“What degree will you do?” It is the question that you will be asked a thousand times during O-Week. You are probably sick of hearing it already. I have asked or answered this question 100+ times in the past week and I have come to realise that the answer is nearly always the same. Almost unfailingly, The ANU student studies Law, Commerce or Science. Philosophy, History, English Literature students…where are you? It seems The ANU students have not the time for disciplines such as these. Except, perhaps, as a side dish to their Law degrees.This impression is confirmed by the stats. According to The ANU Planning and Statistical Services, Commerce is the most popular undergraduate degree at The ANU, followed very closely by Law and Science.
Everyone knows why study is so heavily concentrated in these three fields: students want jobs after leaving University. They figure, not unreasonably, that studying Law, or whatever, will chart a vector clear of Centrelink. It is not just The ANU of course. The other major Australian universities are very similar, if not the same. The flight to studying Law and Commerce etc. is just part of the broader flight to vocational study. It is not new either. The Australian education system has been transforming along these lines for decades. Nevertheless, this should give us cause for pause. Deep pause. For where does this leave Australian education?
Ever since the enlightenment it has been understood that an education should be more than a means to some economic end. An education should be more than a credential. What we study here at ANU should be for a greater purpose than the job it lands us and for more people than just ourselves.
Echoing the enlightenment tradition, the Nobel Laureate Bertrand Russell compared educating a person to a gardener attending a great tree. A gardener nurtures and feeds the tree only to help it grow in it’s own way. An education requires treating people as “something with an intrinsic nature” who will “develop into an admirable form”, he said. The celebrated American philosopher John Dewey thought something similar. For Dewey, the purpose of an education was for the betterment of freedom and democracy. Education was an important stepping-stone to a society where “free human beings associated with one another on terms of equality.”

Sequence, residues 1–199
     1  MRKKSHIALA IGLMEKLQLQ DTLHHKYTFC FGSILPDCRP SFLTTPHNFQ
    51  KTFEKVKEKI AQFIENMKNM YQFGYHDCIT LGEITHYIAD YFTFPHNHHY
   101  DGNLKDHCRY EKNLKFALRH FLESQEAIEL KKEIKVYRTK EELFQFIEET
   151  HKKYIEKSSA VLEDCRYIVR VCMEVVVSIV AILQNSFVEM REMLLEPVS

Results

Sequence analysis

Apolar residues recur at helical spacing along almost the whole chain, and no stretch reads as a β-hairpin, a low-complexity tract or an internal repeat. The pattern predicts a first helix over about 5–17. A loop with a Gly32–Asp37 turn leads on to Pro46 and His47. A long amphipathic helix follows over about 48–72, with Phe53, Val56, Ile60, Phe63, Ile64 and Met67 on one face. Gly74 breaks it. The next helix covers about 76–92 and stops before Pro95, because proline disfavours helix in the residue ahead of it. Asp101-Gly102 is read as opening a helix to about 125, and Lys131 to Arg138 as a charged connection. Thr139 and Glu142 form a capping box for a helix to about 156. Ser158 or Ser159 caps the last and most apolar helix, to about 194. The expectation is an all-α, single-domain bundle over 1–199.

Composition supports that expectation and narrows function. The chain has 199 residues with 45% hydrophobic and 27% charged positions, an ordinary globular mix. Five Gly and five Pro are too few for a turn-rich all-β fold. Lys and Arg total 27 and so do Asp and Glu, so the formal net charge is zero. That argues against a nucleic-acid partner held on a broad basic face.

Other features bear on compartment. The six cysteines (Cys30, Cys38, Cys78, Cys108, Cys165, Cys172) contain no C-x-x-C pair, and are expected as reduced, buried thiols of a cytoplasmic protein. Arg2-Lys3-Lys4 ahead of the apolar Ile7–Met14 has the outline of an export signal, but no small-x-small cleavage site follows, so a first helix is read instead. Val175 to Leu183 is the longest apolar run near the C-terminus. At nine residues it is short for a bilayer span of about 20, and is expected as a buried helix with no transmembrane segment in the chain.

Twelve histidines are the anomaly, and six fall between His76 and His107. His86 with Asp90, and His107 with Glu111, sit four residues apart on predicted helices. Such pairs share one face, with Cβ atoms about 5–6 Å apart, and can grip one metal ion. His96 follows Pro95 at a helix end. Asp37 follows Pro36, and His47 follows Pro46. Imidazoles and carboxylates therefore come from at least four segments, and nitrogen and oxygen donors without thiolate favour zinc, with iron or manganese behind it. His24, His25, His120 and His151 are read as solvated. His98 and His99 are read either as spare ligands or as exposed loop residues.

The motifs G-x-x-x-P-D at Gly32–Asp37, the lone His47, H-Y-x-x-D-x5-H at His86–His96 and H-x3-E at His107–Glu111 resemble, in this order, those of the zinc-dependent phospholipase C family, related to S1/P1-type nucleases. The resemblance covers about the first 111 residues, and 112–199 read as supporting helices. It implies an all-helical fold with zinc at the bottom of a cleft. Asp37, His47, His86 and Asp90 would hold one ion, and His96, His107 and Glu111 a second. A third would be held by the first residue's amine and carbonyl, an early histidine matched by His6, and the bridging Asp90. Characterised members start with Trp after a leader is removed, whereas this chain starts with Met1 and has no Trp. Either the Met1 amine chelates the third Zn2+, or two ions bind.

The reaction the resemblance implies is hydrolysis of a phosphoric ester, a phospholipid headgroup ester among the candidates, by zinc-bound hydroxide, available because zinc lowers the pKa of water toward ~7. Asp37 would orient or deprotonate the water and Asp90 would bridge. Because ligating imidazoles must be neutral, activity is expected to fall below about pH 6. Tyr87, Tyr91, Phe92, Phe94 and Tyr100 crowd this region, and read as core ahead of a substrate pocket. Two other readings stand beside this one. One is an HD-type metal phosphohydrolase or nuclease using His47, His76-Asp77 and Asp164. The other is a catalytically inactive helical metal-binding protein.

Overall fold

However the enlightenment conception of education seems to be melting into air. In Australia, those who get the school grades to study Law, almost inevitably go on to study Law. Those who do not get the grades to do Law, do Commerce or something similar. There is a sad kind of determinism to it. There aren’t just economic forces guiding the mass of students towards vocational degrees. There are social factors too: the expectations of peer group or class or pressures from family. Confronting these pressures is never easy.
Other parts of the world do things differently. For example, it is very common for top academic achievers in the United Kingdom to get the grades to study Law to choose not to. In England, the education system is a lot freer of the pressure to study something for the job of it. One of the most competitive undergraduate degrees in Britain is PPE: a combined degree of Politics, Philosophy and Economics. The most competitive is plain old mathematics. Not Law or Medicine.
Those who graduate in the UK with degrees such as PPE go on to get jobs. It is very common for British graduates in Philosophy and the like, to go on and work in financial institutions in London. Including this article’s author.This cultural difference is most stark in the case of Law. A lawyer without a Law degree is almost inconceivable in Australia. This is not so in the UK. Back in 2008, the highest paid British lawyer had a history degree. Indeed, some high profile British lawyers even speak out against studying Law. For instance, Supreme Court judge Jonathan Sumption QC, once warned against studying Law because it “narrows the mind and blunts curiosity”. There is nothing wrong with studying Law, Commerce or Science and there is nothing wrong with wanting a job or wanting your degree to help you get there.
The problem comes when we all start treating degrees as job certificates. When we do this, we are left with an impoverished understanding of what education actually is. We are all the worse off for it.
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